Furthermore, the invention provides an optimal user experience for a given media package across multiple media platforms. Things used to be simple for consumers; you go to the store, you buy a DVD, you put it into a DVD player, and it plays. Now there are all kinds of ways to experience content: DVD player, PC download, portable device and etc. All these devices allow for play-out in multiple formats, use different DRM technologies, etc. So, on one hand, the user has all kinds of opportunities with regard to playing content when she wants it in the best quality available. On the other hand, there's so much complexity in the system, that ordinary consumer simply can't take advantage of the opportunity.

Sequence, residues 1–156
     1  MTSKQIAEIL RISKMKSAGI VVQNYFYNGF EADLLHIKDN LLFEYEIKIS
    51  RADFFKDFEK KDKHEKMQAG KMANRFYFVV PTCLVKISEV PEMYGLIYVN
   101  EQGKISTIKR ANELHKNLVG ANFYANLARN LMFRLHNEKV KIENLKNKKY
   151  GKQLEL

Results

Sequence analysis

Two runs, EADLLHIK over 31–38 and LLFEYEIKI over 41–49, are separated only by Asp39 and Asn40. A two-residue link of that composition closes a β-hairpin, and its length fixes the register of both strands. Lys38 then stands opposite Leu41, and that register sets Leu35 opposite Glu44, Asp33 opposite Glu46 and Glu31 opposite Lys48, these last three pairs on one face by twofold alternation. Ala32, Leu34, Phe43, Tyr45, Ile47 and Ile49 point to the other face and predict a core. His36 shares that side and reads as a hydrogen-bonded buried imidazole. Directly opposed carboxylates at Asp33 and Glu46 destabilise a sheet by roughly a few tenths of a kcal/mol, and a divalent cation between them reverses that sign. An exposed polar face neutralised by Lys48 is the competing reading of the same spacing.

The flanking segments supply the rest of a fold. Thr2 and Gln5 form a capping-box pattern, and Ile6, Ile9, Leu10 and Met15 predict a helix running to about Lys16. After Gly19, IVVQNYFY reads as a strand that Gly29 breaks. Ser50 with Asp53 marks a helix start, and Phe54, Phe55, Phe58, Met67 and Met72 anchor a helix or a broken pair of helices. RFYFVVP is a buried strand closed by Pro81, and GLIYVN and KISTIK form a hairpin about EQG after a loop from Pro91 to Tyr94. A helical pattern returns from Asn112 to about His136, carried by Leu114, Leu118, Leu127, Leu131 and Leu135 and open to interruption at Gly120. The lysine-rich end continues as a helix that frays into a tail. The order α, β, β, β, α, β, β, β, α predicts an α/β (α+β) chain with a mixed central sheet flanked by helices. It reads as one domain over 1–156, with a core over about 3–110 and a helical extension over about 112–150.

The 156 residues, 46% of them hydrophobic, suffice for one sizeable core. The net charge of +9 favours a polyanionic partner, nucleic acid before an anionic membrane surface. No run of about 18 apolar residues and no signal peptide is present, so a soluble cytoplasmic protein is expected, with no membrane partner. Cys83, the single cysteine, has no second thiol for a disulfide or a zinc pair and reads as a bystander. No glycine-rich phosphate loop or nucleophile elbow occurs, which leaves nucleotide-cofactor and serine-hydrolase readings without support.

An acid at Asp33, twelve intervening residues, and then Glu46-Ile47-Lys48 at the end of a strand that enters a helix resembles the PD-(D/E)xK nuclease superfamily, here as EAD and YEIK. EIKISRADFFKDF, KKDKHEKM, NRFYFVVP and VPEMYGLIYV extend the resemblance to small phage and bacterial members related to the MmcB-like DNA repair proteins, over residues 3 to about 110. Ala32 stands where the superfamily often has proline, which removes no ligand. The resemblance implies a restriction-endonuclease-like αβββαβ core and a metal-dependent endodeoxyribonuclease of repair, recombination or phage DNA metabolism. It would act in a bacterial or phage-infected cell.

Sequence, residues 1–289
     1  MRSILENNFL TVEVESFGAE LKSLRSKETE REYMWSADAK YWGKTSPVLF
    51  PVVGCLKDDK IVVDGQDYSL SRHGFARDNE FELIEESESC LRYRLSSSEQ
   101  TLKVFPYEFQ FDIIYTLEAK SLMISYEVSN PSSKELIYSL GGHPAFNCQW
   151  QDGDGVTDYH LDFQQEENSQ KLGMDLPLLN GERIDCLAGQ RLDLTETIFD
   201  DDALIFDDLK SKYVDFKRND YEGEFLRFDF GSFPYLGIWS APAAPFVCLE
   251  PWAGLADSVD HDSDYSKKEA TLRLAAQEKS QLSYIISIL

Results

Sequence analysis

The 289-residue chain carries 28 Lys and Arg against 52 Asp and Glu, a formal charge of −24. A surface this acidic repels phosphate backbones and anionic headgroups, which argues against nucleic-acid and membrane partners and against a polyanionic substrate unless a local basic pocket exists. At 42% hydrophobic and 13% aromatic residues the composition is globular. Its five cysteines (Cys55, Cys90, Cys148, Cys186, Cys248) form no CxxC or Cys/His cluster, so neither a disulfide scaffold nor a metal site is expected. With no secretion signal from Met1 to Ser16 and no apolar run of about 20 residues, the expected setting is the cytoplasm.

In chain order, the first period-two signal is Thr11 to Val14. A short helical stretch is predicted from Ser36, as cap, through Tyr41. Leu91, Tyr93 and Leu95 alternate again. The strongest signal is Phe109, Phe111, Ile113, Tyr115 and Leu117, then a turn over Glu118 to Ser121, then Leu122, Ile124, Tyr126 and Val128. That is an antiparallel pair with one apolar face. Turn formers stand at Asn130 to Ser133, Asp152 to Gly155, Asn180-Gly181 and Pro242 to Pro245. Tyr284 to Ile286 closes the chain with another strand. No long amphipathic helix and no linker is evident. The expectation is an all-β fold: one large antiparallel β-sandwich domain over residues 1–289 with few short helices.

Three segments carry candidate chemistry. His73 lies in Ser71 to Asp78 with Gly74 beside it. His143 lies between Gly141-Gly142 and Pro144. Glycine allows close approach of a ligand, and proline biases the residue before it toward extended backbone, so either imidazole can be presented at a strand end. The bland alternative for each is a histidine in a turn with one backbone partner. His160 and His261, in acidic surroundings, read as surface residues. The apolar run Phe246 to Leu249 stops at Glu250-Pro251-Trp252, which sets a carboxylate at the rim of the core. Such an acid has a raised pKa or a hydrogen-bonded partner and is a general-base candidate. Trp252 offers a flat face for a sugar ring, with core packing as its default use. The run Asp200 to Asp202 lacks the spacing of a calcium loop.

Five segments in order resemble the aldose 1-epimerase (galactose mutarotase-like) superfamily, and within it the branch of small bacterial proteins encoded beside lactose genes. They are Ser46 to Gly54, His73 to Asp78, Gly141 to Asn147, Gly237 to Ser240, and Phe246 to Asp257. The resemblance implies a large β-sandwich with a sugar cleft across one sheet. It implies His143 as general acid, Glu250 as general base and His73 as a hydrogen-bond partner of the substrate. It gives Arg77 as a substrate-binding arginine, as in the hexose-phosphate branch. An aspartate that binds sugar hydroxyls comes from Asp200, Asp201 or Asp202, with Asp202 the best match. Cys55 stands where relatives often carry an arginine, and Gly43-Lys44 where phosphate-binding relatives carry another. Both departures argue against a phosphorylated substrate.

Embodiments discussed herein match user personal and equipment preferences. For example, if it is known that the user has the ability to play high definition movie in compressed VC-1, rather than MPEG-2, format on her HD DVD player, then a VC-1 rendition is created and space is saved for additional items that can be put on the same disc and played, e.g. on her portable device, PC and etc. The system creates an efficient one-stop shopping destination for all user media format needs. The user doesn't have to chase various versions on iTunes, XBox-360, Amazon, NetFlix, etc. She gives information about her equipment and preferences, and the system does the rest, eliminating the need for understanding technology issues associated with format, DRM, resolution and other compatibility issues.

Exemplary Systems